What to Look for on a Pro Level Drill

No tool is more iconic of work around the jobsite or the home than a drill. If there’s work to be done, somewhere along the line it likely requires a hole made (drill), a fastener driven (drill), or a screw removed (drill). If only the ancient Egyptians or Romans, who used drills of some fashion, could see how technology has improved upon their concepts. We don’t even have to go back that far in history. Our own grandfathers used hand drills with a crank mechanism or simply a T-handle and some elbow grease. Since then, manufacturers have electrified drills with cords and then untethered them with lithium-ion batteries. Fortunately, we get the benefit of those innovations that make jobs easier and give us more control. But what to look for on a Pro level drill is different than what the DIYer needs.

Generally speaking, this is a good list to go by for the construction industry. However, electricians have different needs than general contractors. So if you’re new to your trade, start here, but ask around to see what the other Pros you work with carry.


What to Look for on a Pro Level Drill


Regular readers will be familiar with our article on the contrast between brushed and brushless motors which we link to quite often. Brushed motors are physically commutated, which means inside the motor there’s contact between brushes and the commutator. This creates friction, heat, and wear on the brushes that will eventually need replacement. Brushless motors are electronically commutated. This eliminates that wear and tear and results in longer motor life. But that’s not all; brushless motors allow smart electronics – that is, communication between the motor and battery that maximizes performance and protects against damaging thermal overload. Companies like Milwaukee Tool have innovated around these smart electronics to create even more impressive functionality like Milwaukee One-Key – an app-based tool control and fleet management technology. Brushless motors are also lighter but – as you may have suspected with all these advantages – more expensive.

ridgid-gen5x-brushless-compact-hammer-drill-07 What to Look for on a Pro Level Drill

Pro Pick: A brushless motor is best, but there are still some solid options with brushed motors

Size and Power

Technology often creates format wars that, in retrospect, result in oddball product offerings. Eventually, the consumers and manufacturers settle on some sort of standard – think VHS and Betamax or Blu-Ray vs HD-DVD. There’s a hint of that in lithium-ion nominal voltages that manufacturers have offered in 6, 9.6, 14.4 and other assorted levels over the years. But by-and-large, you’ll find 12V and 18V cordless tools now. DeWalt, in what might have been a stroke of genius, confused the marketplace for a while with its 20V Max line of tools, but these are the same as 18V tools.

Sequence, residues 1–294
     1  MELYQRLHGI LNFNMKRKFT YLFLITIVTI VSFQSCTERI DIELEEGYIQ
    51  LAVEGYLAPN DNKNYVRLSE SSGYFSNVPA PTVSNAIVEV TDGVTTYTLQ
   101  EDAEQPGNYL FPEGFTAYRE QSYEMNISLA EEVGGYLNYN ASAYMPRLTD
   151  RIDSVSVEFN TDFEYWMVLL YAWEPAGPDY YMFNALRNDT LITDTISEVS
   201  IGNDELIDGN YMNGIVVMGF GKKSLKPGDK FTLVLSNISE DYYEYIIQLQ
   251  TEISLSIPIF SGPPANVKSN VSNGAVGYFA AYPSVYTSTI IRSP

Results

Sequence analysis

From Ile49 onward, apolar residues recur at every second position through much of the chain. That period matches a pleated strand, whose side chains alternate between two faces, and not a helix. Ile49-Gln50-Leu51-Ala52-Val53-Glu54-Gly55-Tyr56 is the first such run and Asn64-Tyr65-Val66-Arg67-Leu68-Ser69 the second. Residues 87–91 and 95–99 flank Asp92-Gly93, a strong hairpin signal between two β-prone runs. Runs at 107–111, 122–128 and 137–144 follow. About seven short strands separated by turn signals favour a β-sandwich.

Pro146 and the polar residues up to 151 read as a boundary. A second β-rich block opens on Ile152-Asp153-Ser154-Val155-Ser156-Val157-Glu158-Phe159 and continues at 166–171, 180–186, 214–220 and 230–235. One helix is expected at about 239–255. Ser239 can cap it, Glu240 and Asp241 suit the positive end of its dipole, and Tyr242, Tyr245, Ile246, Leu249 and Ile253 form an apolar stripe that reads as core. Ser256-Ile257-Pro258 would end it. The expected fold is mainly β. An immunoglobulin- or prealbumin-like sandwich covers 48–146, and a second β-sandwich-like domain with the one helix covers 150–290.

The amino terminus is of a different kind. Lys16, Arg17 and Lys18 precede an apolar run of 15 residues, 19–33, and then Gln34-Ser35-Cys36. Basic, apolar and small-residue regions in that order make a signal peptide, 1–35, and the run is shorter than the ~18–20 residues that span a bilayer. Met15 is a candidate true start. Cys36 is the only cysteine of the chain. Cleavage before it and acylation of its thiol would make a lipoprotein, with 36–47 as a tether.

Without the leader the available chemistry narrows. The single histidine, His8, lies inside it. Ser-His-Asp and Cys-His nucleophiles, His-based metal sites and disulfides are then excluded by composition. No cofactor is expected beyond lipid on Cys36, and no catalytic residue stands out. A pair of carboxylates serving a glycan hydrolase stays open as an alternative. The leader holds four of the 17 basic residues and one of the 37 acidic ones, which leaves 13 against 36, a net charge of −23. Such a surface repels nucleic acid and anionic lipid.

Makita CXT 12V Max Brushless Drill 06 What to Look for on a Pro Level Drill

Generally, the size of the chuck moves higher with the battery’s voltage (and price!). You’ve likely seen drills advertised as a 3/8-inch or a 1/2-inch. This refers to the chuck size or the bits shank diameter that the drill will accept. More often than not, you’ll see 3/8-inch 12Vs and 1/2-inch 18Vs.

Hilti SF 6H-A22 22V Hammer Drill What to Look for on a Pro Level Drill

So do you need a 12V platform or an 18V platform? Good question! We wrestled with that question in depth here. Unless you’re in production work, chances are you can perform 80 – 90% of your job – and tasks around the house – with a 12V tool. They are lighter, charge faster (at least for now), smaller, and less expensive. But you’ll still run into the tough or stubborn job that requires 18V muscle.

Pro Pick: Start with a 1/2“, 18V drill and supplement with a 3/8”, 12V when your budget allows.

Speed and Control

Although some smaller or less expensive drills have just one speed, many drills have a low and high RPM switch – 1 and 2 – on top. RPM range from around 300 to a couple thousand. Lower speed has higher torque and higher speed has lower torque. The choice, of course, depends on the material being drilled or fastener being used. Two speeds will suffice for most users. You’ll find a few drills with three speeds. And then once in a great while, you’ll run across a 4-speeder like this Hilti which provided the utmost control for nuanced work. But even our diminutive 12V, single speed Ryobi has a variable speed trigger (as do our bigger 18V tools) so there’s more variability and control than first meets the eye.

Milwaukee M12 FUEL brushless hammerdrill gears

Pro Pick: At least 2 speeds and 1800 RPM

But how much torque do you really need? Some drills go as high as 1200 in. lbs. and some are in the low 300’s. There are several classes from 12V to 18V compact and 18V heavy-duty. Generally speaking, as you move up that line you get more torque along with increased size.